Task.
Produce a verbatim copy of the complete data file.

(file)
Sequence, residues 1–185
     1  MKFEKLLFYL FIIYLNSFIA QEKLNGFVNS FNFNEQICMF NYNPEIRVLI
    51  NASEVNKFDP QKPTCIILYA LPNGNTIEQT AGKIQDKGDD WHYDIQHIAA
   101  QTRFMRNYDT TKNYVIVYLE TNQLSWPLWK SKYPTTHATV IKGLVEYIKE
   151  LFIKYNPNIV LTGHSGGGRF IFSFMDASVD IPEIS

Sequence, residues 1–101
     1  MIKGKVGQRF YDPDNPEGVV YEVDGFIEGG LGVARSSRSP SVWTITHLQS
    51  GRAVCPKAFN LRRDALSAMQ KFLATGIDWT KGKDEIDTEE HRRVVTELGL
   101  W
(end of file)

Sequence, residues 1–185
     1  MKFEKLLFYL FIIYLNSFIA QEKLNGFVNS FNFNEQICMF NYNPEIRVLI
    51  NASEVNKFDP QKPTCIILYA LPNGNTIEQT AGKIQDKGDD WHYDIQHIAA
   101  QTRFMRNYDT TKNYVIVYLE TNQLSWPLWK SKYPTTHATV IKGLVEYIKE
   151  LFIKYNPNIV LTGHSGGGRF IFSFMDASVD IPEIS

Sequence, residues 1–101
     1  MIKGKVGQRF YDPDNPEGVV YEVDGFIEGG LGVARSSRSP SVWTITHLQS
    51  GRAVCPKAFN LRRDALSAMQ KFLATGIDWT KGKDEIDTEE HRRVVTELGL
   101  W